- Analytics addressing drug spending are not adequate for far too many hospitals. With the impact of rising drug costs, the majority of hospitals are attempting to manage this with limited analytics resources and capabilities. For IP drug spending, too many hospitals cannot tell whether increases are being driven by price, volume or utilization trends without significant manual intervention and time. This data should be at the hospital’s fingertips at all times. Strategies to address price, volume or utilization will differ, and hospitals should be managing these opportunities proactively –but that requires data analytics infrastructure and analyst resources.
- As noted in the NORC report we see drug shortages as a significant contributor to added expense. Currently, there are approximately 200 drugs in a shortage situation. This regularly forces hospitals to purchase alternative products that may be “off contract” and represent higher costs. However, there are also hidden costs associated with shortages. Back orders must be managed, computer systems changed to accommodate new drugs, labels and packaging changed, and automated dispensing system configurations changed which all take time and resources. Far too many organizations have not quantified the impact of drug shortages and defined a specific strategy and resources to address and manage this. Drug shortages are not going away anytime soon.
- Inventory management in pharmacy is often a source of opportunity. Traditional Materials Management Information Systems rarely work effectively in pharmacy due to the complexity of the pharmacy supply chain process. As a result, the majority of hospitals are running manual systems, which are producing less than 10 turns. Additionally, outdates, returns and waste are not routinely quantified and managed aggressively which when optimized can contribute significantly to expense reduction.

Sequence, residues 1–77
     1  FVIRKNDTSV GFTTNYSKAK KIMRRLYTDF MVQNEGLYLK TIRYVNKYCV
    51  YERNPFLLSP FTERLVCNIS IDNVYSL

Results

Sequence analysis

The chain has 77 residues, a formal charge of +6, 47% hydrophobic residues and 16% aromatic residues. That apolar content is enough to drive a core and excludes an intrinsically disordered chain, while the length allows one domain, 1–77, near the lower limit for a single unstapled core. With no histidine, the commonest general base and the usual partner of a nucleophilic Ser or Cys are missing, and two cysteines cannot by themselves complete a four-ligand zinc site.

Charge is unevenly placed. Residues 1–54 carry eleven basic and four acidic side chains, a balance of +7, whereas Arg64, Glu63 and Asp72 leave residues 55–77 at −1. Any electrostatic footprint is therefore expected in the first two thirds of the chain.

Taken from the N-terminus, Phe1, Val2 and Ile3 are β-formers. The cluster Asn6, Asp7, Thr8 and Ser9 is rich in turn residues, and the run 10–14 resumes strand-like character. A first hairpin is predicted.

- Far too often there is no formal link or business relationship between the hospital pharmacy operations and the finance revenue cycle operations. We routinely see pharmacy operations that do a tremendous job of ensuring the right drugs/doses are prescribed and preparation/administration/monitoring performed correctly. However, their work is done once the charge is dropped from the pharmacy system. That should not be the case. There should be a close working relationship between pharmacy and rev cycle to ensure that all charges dropped are received, QBC calculations are correct, codes are correct, CDM links are correct and any denials supported to ensure that all revenue opportunities around drugs are optimized.
No doubt that rising drug costs at 18.5 percent represent a big challenge for hospitals and health systems but with all big challenges come big opportunities. Drugs are not only a major expense, they also represent a significant revenue opportunity. As the primary treatment modality for the majority of patients, they also present a significant quality/safety opportunity. Medication management and pharmacy services should be a key element of every hospital and health systems short- and long-term strategy.
- A Look at Drug Spending in the US. Pew Charitable Trust, Feb. 27, 2018, https://www.pewtrusts.org/en/research-and-analysis/fact-sheets/2018/02/a-look-at-drug-spending-in-the-us, Accessed 01/17/2019
- Recent Trends in Hospital Drug Spending and Manufacturer Shortages. Final Report NORC at the University of Chicago. January 15, 2019.